When asked about figures released by the Pew Hispanic Center that found that 14% of the nation’s construction workers are illegal aliens, Harry Reid responded, “That may be some place, but it’s not here in Nevada.” Reid is right. The number is much higher in Nevada. According to the same report, Nevada has the highest level of illegal aliens in the workforce at 12.2%—2.3% higher than the next highest state.
When asked to justify why he blocked Senator Jeff Session’s Amendment to require government contracted construction workers use E-verify to prevent them from hiring illegal aliens with the taxpayer’s money, he replied: “That’s the reason we need to do comprehensive immigration reform. We cannot do it piecemeal.”
In other words: he refuses to enforce our immigration laws unless we pass amnesty.
Earlier in the year, Reid wrote a detailed outline with Senators Chuck Schumer (D-NY) and Robert Menendez (D-NJ) of what they wanted “comprehensive immigration reform” to look like.
It isn’t pretty. The bill will gut enforcement, voiding all state and local laws such as the one just passed in Arizona. It will also greatly increase legal immigration levels—adding at least 550,000 permanent work visas and 3.4 million permanent family visas.
It will grant amnesty to every single illegal alien present in this country the day it is passed. Besides rewarding the lawbreakers who are already here, this will encourage additional illegal immigration as the bill is debated. The bill even allows illegal aliens with multiple criminal convictions to receive amnesty.
Needless to say, this is not the type of immigration reform that Americans want.
Harry Reid did not always support amnesty. In 1993 he introduced the Immigration Stabilization Act, and he reintroduced it the following year.
Upon introducing the bill, Reid said, “Our borders have overflowed with illegal immigrants placing tremendous burdens on our criminal justice system, schools and social programs… Our federal wallet is stretched to the limit by illegal aliens getting welfare, food stamps, medical care and other benefits often without paying any taxes.”
While “comprehensive immigration reform” is now used as an euphemism for amnesty, Reid’s office called the bill “the first and only comprehensive immigration reform bill in Congress.”
And comprehensive it was.
Reid’s bill would have ended giving birthright citizenship to the children of illegal aliens, increased border security, created new sanctions against illegal aliens and their employers, and barred illegal aliens from receiving government benefits. Additionally, the bill reduced legal immigrant admissions by 500,000 people a year. It achieved this by eliminating the visa lottery, limiting work visas to truly skilled immigrants with advanced degrees and extraordinary abilities, and limiting family reunification to children and spouses.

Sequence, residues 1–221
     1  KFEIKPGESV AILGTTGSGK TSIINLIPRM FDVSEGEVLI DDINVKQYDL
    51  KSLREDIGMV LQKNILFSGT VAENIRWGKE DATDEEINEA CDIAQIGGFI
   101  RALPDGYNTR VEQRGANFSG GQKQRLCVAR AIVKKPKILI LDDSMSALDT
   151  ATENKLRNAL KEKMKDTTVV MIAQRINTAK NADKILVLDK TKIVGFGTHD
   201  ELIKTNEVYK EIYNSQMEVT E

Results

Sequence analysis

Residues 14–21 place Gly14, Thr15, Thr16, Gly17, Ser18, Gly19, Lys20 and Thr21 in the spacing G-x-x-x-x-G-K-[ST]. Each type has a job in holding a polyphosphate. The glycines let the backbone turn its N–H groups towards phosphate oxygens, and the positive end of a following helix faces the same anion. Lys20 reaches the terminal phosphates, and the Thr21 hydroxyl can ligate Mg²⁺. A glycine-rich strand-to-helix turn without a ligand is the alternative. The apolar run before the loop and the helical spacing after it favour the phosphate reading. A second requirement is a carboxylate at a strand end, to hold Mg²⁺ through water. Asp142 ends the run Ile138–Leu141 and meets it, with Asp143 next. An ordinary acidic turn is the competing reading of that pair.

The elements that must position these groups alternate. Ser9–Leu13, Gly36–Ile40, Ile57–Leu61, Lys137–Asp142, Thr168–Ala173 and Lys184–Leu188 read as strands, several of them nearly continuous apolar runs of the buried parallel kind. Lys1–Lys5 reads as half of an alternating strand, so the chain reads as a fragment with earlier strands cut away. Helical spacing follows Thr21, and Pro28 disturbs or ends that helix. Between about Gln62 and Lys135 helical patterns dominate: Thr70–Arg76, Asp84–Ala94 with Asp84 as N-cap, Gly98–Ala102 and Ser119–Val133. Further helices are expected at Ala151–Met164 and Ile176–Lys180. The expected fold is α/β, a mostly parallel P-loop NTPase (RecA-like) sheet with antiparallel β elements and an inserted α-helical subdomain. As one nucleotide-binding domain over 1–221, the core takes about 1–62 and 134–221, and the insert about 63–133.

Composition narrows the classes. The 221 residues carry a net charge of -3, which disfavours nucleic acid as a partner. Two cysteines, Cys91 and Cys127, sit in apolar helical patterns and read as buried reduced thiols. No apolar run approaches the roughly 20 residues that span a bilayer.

What has changed since Reid introduced the bill? In 1994, there were approximately 3 million illegal aliens living in the United States. Today there are 11 million. In 1994, we accepted 800,000 legal immigrants each year. Today, we accept 1.1 million. In 1994, Unemployment was at 6.6%. Today it is officially at 9.5%, and these numbers do not include the temporary census workers who will soon be out of a job. The Census bureau reports that one out of every six workers, in America, is foreign born with eight million illegal immigrants in the workforce.
Things are even worse in Nevada. In addition to having the highest number of illegal aliens in the workforce, it also has the highest unemployment rate in the country at 14%.
Fortunately for Nevadans and Americans, Reid’s repositioning on immigration will most likely backfire. Hispanics only make up 12% of the electorate, and many are patriotic citizens who support Arizona’s law. As a whole, 57% of Nevada voters support Arizona’s law and 63% oppose the Obama administration’s lawsuit to prevent it.
While illegal immigration has become a hot button political issue, no politician of either party has introduced legislation for across the board cuts on legal immigration since I introduced the Mass Immigration Reduction Act of 2004.
The fact that this is not getting any attention is outrageous. Despite skyrocketing unemployment, we actually increased the number of foreign workers we accepted into the country in 2009, with over 1.1 million permanent green cards issued in addition to over 880,000 visas to temporary foreign workers.
With our immigration and economic problems out of control and politicians refusal to fully address the issue, we need the Harry Reid of 1993 and 1994 more than ever.